Tom Sawyer: Brave or Baloney?
"Even Richard Hill, the most enthusiastic defender of the ending, moderates his description of Tom as "brilliant" and "brave" by adding that he "becomes drunk on romanticism and endangers Huck and Jim unnecessarily" (505)" (Scott 188).
I say, baloney! Really now people? Read the sentence again. Being "brilliant" and "brave" does not endanger anyone unnecessarily. That makes absolutely no sense. If you were brilliant you would not do anything unnecessarily. Also, while Kevin Michael Scott makes some great points in his essay, I still am not convinced that Tom was brought in to do good.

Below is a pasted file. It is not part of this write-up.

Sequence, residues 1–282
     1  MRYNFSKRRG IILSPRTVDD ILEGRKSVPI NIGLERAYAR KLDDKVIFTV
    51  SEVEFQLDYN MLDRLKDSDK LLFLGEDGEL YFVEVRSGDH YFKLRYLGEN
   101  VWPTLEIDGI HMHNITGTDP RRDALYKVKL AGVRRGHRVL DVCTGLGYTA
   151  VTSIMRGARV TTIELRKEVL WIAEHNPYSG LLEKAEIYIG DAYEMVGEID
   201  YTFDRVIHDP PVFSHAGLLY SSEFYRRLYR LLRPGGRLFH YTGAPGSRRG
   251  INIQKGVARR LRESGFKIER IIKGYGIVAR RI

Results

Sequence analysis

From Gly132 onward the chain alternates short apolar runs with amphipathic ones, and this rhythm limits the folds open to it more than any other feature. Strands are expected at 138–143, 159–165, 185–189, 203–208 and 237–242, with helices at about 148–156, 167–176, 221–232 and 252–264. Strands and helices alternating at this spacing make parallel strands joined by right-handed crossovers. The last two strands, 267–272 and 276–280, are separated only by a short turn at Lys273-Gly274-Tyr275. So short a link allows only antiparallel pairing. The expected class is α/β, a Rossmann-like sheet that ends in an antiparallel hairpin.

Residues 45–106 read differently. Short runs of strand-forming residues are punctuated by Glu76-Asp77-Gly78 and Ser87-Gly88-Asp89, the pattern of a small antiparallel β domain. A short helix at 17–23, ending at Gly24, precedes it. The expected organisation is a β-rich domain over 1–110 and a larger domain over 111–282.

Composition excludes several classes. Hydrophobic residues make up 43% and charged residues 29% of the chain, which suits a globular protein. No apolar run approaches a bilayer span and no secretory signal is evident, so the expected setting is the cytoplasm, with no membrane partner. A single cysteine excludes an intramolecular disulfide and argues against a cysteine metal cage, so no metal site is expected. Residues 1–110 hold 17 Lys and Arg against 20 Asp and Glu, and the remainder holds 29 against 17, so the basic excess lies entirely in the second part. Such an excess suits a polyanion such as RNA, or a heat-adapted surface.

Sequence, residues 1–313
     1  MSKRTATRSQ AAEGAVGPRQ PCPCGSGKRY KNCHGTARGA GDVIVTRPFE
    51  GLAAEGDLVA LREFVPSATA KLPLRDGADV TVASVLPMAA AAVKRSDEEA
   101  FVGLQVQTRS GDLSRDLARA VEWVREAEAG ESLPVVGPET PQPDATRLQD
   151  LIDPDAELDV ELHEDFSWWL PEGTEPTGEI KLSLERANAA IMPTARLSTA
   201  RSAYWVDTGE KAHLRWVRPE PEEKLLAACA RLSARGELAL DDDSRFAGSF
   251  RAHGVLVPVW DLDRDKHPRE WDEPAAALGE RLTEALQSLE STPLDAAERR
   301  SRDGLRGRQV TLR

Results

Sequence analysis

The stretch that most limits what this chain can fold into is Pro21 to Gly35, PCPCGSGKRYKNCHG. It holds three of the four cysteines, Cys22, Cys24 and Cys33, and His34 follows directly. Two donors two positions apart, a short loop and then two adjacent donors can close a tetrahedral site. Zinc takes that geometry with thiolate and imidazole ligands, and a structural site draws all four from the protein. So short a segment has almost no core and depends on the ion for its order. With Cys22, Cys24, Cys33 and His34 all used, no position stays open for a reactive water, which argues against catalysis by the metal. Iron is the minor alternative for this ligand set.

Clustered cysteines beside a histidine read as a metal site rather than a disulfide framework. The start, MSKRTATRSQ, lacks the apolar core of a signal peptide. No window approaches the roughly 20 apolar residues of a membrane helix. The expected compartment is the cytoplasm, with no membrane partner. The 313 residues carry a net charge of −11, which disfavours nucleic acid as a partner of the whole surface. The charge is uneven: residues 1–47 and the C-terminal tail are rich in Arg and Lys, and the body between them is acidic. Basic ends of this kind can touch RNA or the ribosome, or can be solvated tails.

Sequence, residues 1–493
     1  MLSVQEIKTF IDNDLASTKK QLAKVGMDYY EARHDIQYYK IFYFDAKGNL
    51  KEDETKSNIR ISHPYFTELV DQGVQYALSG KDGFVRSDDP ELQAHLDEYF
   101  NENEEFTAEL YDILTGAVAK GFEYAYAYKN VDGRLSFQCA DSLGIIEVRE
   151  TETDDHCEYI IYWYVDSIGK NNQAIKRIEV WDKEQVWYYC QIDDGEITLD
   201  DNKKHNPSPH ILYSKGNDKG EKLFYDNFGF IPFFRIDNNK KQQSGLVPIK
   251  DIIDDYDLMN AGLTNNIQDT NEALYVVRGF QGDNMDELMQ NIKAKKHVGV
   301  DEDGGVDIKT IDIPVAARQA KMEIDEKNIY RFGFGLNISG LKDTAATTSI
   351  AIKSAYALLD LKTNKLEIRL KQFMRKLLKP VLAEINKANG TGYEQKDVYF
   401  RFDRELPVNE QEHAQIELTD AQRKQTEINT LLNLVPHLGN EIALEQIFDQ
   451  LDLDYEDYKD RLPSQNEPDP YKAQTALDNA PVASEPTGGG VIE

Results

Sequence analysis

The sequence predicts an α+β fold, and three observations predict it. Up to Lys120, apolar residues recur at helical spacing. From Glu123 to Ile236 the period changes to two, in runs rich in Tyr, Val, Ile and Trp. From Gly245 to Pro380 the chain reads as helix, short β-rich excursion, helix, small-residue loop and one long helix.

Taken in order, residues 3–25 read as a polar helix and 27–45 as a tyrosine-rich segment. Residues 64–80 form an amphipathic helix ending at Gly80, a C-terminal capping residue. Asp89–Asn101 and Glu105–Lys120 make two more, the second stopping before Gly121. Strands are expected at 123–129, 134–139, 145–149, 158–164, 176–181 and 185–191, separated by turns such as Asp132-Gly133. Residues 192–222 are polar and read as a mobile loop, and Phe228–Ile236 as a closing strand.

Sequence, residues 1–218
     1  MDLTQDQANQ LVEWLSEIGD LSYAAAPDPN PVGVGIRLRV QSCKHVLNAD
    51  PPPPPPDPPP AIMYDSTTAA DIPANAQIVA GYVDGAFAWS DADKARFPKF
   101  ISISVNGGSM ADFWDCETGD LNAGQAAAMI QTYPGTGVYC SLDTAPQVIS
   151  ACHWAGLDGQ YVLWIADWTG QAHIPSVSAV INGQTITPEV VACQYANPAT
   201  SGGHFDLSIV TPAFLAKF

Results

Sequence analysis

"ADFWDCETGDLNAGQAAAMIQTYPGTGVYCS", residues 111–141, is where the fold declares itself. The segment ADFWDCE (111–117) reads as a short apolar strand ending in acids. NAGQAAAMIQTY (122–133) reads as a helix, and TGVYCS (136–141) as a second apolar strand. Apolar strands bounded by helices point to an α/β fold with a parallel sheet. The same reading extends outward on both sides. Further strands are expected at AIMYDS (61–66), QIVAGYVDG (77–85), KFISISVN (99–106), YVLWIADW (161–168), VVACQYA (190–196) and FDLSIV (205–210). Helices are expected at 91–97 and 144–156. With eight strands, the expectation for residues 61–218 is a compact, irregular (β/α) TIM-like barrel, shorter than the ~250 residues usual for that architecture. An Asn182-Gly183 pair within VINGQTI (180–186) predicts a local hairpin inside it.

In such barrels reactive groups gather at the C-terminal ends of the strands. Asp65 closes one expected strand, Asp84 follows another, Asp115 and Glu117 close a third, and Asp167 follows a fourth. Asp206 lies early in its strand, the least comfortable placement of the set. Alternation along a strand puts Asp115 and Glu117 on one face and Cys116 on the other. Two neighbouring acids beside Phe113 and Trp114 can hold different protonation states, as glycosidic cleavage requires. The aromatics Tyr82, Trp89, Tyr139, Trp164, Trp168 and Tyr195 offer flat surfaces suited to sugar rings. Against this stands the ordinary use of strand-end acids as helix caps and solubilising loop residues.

I think Twain included Tom Sawyer to demonstrate how much Huckleberry Finn had changed throughout the novel. Huck had become more grown up than Tom who was still stuck in his boyish phase. Huck could not see the point in any of Tom's endeavors, but simply went along with it because that was just his nature.
William Cole mentions that, "every character is, by nature of the creative process, born stereotypical." Each character in the novel is introduced with a specific purpose and mindset. Tom was introduced into the story simply because Mark Twain wanted poke fun at the "romanticized southern society" (Scott 187).